If any term of an employment contract will involve breaking the law (or is "tainted with illegality" in the restrained language of the law) then public policy dictates that the parties should not have access to the courts to resolve disputes and that can sometimes bar otherwise good unfair dismissal claims.
The Employment Appeal Tribunal has recently considered such a situation. The fact that the case arose in the legal profession has raised some eyebrows.
Mr Connolly was offered employment as an assistant solicitor with Whitestone. He requested, however, that he be classified as self-employed for tax purposes and Whitestone agreed to this. Mr Connolly invoiced Whitestone every quarter for his services and as far as HMRC was concerned he was self-employed. Despite this, Mr Connolly worked full-time and was under an obligation personally to perform his work. Whitestone controlled his work to the same extent as they did for their other professional employees at the same level, and they paid for his practising certificate and his continuing professional development.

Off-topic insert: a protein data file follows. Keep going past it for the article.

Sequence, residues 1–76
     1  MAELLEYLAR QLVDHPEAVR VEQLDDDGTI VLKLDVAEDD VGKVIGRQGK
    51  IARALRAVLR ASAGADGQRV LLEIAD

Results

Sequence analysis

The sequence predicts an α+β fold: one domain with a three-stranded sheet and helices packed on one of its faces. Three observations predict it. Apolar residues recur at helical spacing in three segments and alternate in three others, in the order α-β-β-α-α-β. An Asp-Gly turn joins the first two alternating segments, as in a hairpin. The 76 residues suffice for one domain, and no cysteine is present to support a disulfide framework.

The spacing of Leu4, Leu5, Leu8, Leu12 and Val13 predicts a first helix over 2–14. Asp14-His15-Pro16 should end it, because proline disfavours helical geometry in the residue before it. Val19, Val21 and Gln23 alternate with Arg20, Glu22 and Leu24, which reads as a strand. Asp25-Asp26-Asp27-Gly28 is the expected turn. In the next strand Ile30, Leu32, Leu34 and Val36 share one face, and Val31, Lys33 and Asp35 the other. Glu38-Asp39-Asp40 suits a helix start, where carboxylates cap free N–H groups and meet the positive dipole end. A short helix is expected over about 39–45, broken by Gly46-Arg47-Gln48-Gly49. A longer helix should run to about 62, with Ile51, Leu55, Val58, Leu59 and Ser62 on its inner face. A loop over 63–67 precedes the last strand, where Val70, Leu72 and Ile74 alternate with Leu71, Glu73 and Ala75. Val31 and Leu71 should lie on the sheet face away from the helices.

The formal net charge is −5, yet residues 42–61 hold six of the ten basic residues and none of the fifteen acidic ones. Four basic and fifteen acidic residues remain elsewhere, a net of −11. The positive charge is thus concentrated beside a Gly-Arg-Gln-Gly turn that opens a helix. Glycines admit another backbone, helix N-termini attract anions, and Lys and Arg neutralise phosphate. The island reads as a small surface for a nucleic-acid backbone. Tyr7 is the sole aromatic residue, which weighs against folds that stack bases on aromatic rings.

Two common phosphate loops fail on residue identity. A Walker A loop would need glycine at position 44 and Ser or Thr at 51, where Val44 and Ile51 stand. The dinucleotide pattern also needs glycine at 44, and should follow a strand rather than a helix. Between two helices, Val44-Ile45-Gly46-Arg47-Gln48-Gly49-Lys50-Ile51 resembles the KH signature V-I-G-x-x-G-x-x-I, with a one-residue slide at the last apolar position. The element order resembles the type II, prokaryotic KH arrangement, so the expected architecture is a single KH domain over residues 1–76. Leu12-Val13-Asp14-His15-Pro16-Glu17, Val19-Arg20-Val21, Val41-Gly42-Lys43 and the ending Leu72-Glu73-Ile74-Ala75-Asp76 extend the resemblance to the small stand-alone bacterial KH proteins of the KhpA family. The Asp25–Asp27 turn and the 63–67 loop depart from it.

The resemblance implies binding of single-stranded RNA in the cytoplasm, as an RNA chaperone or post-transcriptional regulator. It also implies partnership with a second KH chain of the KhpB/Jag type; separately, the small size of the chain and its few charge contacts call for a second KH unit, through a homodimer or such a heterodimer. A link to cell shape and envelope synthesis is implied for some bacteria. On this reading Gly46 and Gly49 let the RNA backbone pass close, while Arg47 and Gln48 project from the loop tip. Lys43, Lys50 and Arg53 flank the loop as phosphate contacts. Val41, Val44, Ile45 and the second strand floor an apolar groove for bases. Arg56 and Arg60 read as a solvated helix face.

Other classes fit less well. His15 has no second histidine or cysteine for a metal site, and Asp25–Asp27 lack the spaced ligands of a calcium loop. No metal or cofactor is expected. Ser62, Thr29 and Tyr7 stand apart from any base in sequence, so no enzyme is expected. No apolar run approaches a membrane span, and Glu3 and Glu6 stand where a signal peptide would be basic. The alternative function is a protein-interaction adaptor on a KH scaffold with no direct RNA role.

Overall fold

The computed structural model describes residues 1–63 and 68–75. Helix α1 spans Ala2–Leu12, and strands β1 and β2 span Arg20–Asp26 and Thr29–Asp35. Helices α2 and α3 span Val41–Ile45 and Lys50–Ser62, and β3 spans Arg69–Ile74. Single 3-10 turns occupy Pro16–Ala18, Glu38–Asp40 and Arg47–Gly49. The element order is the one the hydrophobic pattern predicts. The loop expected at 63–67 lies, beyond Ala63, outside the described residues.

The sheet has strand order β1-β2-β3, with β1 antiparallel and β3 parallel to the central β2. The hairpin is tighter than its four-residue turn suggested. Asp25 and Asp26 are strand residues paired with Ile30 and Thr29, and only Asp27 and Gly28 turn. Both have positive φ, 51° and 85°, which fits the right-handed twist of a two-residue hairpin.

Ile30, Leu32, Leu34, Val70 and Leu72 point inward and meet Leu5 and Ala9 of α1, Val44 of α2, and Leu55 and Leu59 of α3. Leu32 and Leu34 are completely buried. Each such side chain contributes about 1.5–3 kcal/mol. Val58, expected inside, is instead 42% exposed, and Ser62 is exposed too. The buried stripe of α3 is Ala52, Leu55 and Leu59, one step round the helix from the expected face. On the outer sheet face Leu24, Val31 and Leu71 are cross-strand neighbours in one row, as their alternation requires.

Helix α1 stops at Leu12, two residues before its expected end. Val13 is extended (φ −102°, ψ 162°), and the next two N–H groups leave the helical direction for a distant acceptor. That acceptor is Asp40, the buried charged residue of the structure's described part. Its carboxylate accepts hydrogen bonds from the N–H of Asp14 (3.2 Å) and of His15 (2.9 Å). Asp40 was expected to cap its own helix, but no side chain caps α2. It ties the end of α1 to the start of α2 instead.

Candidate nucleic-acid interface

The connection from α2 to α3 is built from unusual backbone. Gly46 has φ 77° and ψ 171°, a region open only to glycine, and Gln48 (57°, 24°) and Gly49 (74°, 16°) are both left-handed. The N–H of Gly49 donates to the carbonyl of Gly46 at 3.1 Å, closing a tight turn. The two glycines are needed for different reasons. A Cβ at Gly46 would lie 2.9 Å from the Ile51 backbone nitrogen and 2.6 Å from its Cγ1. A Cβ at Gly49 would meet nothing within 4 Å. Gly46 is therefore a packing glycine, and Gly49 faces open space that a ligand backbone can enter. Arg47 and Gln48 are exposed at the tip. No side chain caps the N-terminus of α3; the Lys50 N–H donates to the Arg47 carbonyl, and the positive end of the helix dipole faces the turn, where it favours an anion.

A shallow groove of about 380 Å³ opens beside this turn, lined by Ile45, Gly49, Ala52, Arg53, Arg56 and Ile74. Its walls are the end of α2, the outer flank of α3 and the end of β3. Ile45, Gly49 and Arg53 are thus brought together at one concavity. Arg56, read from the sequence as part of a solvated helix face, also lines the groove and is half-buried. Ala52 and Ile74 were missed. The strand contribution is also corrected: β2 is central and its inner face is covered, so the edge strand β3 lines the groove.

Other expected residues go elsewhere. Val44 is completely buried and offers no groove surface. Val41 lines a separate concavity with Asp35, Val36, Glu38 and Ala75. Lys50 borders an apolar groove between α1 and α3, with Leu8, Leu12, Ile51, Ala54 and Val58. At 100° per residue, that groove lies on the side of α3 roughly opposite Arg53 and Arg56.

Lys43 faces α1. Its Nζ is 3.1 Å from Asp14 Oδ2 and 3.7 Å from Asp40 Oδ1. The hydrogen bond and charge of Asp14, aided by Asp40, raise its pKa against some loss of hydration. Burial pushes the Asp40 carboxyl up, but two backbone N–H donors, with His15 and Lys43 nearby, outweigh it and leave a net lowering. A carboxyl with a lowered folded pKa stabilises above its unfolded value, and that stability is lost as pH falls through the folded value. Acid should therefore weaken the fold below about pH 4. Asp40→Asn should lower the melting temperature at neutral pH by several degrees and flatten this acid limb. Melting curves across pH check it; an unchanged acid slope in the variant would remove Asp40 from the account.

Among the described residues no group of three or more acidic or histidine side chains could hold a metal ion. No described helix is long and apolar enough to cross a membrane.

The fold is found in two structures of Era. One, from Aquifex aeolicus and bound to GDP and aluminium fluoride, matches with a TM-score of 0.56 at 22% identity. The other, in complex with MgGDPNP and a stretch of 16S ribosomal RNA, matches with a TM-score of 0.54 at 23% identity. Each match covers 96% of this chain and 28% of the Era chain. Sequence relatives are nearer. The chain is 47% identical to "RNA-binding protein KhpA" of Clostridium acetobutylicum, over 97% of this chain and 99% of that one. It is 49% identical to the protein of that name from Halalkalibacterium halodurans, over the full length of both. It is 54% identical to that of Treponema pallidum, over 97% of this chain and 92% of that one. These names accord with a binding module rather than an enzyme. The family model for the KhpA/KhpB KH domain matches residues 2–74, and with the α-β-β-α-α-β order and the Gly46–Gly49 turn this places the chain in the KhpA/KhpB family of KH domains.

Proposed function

Mr Connolly left Whitestone in July 2009 and brought claims for unfair dismissal, breach of contract and holiday pay. The Employment Tribunal found that Mr Connolly was indeed an employee but that it would have been contrary to public policy to consider his claims because he had miscategorised his employment status to HMRC. Mr Connolly appealed to the EAT and his appeal was allowed. The EAT held that although the Tribunal was right to raise the question of illegality it had not found any additional misrepresentation, beyond the description of the relationship to HMRC.
The EAT did, however, have concerns regarding the legality of the contract (particularly as both parties to it were solicitors). It therefore asked the Employment Tribunal to look at the case again, with guidance that the contract must only be found to be illegal if Mr Connolly informed HMRC of his self-employed status knowing it was 'unsustainable' to do so. The fact that the claimant took these actions for a financial gain did not automatically render him aware that this action was unsustainable.
The case reinforces the fact that employees who deliberately misrepresent their employment status to HMRC can end up depriving themselves of their employment rights. Connolly v. Whitestone Solicitors (UKEAT/445/10).